A man has admitted murdering his baby daughter after thinking about killing her every day since her birth as part of fantasy about controlling women.
Andrew Randall, 33, of Havelock Street in Kettering, committed "a catalogue of horrendous violence" on seven-week-old Jessica, Northampton Crown Court.
Jessica, born five weeks early, was abused almost since she left hospital until her death in November last year.
Randall also pleaded guilty to causing her grievous bodily harm.
After her death, Jessica was found to have at least nine injuries to her ribs as well as brain injuries and cuts to her face, the court heard.
After the hearing it was announced an investigation has begun into health workers' care of Jessica before her death.
She was killed in the early hours of 21 November when Randall, trying to keep her quiet, threw her head first into the wooden arm of a settee.
In police interviews Randall told officers of his resentment towards his daughter from the start of her life and how he had thought of killing her every day.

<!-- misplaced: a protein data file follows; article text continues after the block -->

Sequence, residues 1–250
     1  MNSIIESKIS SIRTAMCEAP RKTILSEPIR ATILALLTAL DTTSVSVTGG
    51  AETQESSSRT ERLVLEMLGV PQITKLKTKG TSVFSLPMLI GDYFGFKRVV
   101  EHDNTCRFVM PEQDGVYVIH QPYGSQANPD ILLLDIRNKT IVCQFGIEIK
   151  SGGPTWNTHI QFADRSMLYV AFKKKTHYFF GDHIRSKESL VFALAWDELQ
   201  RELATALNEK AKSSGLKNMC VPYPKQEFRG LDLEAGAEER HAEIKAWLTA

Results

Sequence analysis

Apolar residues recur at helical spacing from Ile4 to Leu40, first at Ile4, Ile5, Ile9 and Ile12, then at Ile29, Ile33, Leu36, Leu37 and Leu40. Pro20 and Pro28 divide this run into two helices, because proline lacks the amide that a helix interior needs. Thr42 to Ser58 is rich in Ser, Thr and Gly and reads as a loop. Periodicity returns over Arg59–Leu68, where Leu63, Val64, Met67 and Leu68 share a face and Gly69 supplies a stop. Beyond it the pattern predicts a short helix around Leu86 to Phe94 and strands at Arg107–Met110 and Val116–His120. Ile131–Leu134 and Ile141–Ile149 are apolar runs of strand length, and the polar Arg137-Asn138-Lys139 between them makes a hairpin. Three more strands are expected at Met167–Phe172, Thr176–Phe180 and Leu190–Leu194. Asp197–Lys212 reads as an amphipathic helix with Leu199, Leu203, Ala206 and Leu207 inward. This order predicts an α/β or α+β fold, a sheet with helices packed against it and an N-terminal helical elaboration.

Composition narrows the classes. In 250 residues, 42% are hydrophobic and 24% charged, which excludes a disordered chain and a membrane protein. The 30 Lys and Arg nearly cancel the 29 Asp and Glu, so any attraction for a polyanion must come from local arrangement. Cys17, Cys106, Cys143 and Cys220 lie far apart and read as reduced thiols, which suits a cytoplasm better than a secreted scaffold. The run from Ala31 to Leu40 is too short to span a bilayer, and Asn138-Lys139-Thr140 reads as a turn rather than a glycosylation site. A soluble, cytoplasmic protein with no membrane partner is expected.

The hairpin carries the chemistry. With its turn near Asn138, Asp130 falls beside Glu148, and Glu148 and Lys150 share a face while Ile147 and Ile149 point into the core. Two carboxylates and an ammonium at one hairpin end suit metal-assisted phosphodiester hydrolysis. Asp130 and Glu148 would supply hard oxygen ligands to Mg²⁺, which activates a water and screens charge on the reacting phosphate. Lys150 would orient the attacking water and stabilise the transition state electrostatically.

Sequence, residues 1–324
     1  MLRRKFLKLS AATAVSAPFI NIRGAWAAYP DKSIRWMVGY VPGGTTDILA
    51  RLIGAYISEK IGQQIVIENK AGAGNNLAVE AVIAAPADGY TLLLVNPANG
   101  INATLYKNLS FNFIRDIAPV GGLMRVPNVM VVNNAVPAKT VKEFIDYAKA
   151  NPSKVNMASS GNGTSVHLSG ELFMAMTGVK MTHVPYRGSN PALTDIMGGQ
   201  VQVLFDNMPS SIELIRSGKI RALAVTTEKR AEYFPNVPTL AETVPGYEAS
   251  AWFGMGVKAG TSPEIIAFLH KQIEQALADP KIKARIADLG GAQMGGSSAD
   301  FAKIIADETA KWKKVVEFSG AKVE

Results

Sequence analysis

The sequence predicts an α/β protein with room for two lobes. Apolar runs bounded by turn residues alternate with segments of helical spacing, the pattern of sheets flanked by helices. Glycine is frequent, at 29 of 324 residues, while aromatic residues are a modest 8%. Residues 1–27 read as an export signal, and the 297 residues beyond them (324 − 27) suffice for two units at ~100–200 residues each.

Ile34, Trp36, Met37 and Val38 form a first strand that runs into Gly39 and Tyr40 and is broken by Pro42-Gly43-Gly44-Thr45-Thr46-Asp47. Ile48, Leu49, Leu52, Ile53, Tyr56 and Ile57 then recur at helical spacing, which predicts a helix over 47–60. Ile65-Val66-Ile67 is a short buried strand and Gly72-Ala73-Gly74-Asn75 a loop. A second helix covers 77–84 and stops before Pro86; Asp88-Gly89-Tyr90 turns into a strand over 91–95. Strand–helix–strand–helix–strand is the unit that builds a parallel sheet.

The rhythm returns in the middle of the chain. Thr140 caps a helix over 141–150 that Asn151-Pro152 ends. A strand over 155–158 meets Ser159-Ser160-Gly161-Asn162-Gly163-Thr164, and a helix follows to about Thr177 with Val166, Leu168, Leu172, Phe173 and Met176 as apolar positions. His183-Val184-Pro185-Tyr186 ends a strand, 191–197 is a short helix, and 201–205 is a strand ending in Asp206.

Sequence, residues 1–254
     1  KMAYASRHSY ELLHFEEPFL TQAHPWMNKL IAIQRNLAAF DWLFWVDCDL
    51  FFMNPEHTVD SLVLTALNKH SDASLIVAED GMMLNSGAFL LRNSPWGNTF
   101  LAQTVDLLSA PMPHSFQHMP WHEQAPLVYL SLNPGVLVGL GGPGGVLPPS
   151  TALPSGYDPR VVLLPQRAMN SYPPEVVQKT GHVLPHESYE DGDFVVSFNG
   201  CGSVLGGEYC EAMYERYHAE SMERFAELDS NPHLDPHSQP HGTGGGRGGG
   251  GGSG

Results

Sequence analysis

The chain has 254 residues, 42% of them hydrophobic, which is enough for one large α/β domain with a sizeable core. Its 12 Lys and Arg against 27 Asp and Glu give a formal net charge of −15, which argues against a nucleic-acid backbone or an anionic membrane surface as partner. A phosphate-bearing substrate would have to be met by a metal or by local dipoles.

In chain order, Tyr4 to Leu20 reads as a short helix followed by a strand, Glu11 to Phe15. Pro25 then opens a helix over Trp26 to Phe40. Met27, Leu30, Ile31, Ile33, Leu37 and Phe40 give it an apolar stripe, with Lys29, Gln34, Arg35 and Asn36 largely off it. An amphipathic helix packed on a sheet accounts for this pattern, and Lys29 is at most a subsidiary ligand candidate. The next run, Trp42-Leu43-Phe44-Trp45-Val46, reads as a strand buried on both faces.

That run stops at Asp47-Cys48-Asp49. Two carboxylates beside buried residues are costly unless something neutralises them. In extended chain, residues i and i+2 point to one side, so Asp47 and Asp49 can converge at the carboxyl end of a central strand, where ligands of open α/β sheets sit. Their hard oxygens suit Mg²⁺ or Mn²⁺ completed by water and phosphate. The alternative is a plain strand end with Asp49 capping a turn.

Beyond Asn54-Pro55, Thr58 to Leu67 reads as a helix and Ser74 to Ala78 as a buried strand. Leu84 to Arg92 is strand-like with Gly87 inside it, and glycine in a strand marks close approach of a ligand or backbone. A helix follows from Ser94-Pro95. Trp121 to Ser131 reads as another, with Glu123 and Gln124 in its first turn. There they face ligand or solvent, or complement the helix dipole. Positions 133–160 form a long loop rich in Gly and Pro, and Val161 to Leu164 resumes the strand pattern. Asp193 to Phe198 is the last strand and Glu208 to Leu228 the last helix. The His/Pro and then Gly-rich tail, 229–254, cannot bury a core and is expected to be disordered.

Prosecutor Frances Oldham QC said: "He told them that these things he did was because he had the power to do so.
"He had fantasised about having control since he was 12.
"He had thought about killing, torture and imprisonment of women mostly. He thought about hurting and killing before, and wanted to do it before he was caught and jailed because that would be the ultimate for him.
"The defendant accepts that on more than one occasion he compressed, or stamped on, the child's chest.
"He knew he was causing his daughter great pain and that she was in danger from him."
Judge Charles Wide QC told Randall he was considering imposing a whole-life term.
Judge Wide adjourned sentence for two psychiatric reports to be prepared on Randall.
About the inquiry into her care, the court heard Jessica had been taken to Kettering General Hospital, out-of-hours doctor services and her local GP on numerous occasions in the weeks before her death.
Despite nurses and health workers spotting a lack of bonding between parents and daughter, only weekly visits to the family flat in Havelock Street, Kettering, were arranged.